Sometimes betrayal is the plan.

betrayal

There are few worse experiences in life than being betrayed by someone you trusted and loved.  All amicable relationships inherently hold some level of trust, and for many of us trust is extremely difficult to extend after it has been broken.  This tendency leaves our Churches and Spiritual circles vulnerable to rapid disintegration.  All it takes is one leader to be caught in any form of deception or sin and the masses flee – because our trust is primarily in a man and not in God.  If two dynamic church members can be pitted against one another for any reason, then the congregation becomes divided and they lose their effectiveness in the kingdom by wasting all of their energy fighting, reasoning, rebuilding internally.

Any breach of trust is a terrible sin.  However, God sovereignly and beautifully orchestrates it to accomplish His will on occasion.  Let us consider what is perhaps the most tragic and also the most purposeful betrayal of all time:  Judas.

During Jesus’ earthly ministry, He chose twelve men to walk with Him daily.  These twelve men were bonded to Jesus as their mentor or “rabbi” who had special insight into Scripture and the ways of God and they would soak up everything He taught.  Jesus intentionally chose each of them and called them by name.  For three years Jesus walked with them, explained Scripture and grace to them, gave them supernatural powers to cast out demons and represent Him in cities and towns, and lived life with them.  They were His friends, they were His comrades, they were His family.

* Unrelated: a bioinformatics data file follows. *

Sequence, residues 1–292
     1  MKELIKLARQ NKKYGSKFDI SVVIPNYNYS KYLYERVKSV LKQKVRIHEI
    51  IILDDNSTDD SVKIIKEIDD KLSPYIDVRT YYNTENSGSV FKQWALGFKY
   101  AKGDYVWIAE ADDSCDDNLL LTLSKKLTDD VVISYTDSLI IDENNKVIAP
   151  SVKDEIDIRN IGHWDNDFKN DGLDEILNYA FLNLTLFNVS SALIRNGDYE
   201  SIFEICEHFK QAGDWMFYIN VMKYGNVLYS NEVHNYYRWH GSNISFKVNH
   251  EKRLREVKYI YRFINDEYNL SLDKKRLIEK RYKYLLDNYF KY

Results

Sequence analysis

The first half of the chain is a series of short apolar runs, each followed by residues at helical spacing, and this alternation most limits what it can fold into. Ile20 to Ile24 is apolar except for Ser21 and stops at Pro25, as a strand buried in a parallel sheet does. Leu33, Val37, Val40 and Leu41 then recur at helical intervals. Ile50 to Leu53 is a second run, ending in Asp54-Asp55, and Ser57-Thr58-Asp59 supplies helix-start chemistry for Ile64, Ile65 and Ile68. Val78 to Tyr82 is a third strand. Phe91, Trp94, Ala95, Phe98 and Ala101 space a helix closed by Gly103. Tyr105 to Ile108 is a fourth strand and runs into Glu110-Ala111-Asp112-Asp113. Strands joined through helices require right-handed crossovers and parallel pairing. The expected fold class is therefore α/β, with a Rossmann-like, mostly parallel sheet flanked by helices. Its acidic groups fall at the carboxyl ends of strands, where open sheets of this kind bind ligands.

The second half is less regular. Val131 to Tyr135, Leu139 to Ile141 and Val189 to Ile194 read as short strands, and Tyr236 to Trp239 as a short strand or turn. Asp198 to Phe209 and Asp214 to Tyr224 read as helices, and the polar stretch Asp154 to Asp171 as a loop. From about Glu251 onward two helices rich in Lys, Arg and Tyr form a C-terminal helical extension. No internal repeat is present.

Included in this number was Judas.  He was given the role as the keeper of the money, and was included in every activity that the rest of the disciples did (John 12.6).

Imagine your group of college friends – those ones who were thick as thieves, who did everything together, who stayed up late, went on adventures, talked about the meaning of life and discovered themselves together – after all of those years of trust, fun, experience and interaction turning out to be a participant of a sleeper cell and you “closest friends” were his mark.  You did not simply lose touch after graduation, he actually sought your harm.  This would be a similar level of relationships, except the twelve disciples did everything together – every day – for at least three years.

Judas, however, was the subject of a predestined plan from the beginning.  His betrayal of Jesus was foretold hundreds of years beforehand and was an integral part of the Gospel story (Zech 11.12-13, Ps 41.9).

Jesus also, being God, knew that Judas was the one who would betray Him all along.  Jesus knew, as He called Judas to come and walk with Him, as He empowered him to cast out demons, as He explained prophecy and scripture and as He loved him, that Judas would turn Him over unto death.

“For Jesus knew from the beginning who they were who did not believe, and who it was that would betray Him.”

– John 6.64

Interestingly, however, we see no evidence of condemnation or premature revelation of Judas’ role.  He was allowed to experience everything that the other eleven experienced and then, at the appropriate time, God allowed “Satan to enter into him” and he betrayed Jesus (John 13.27).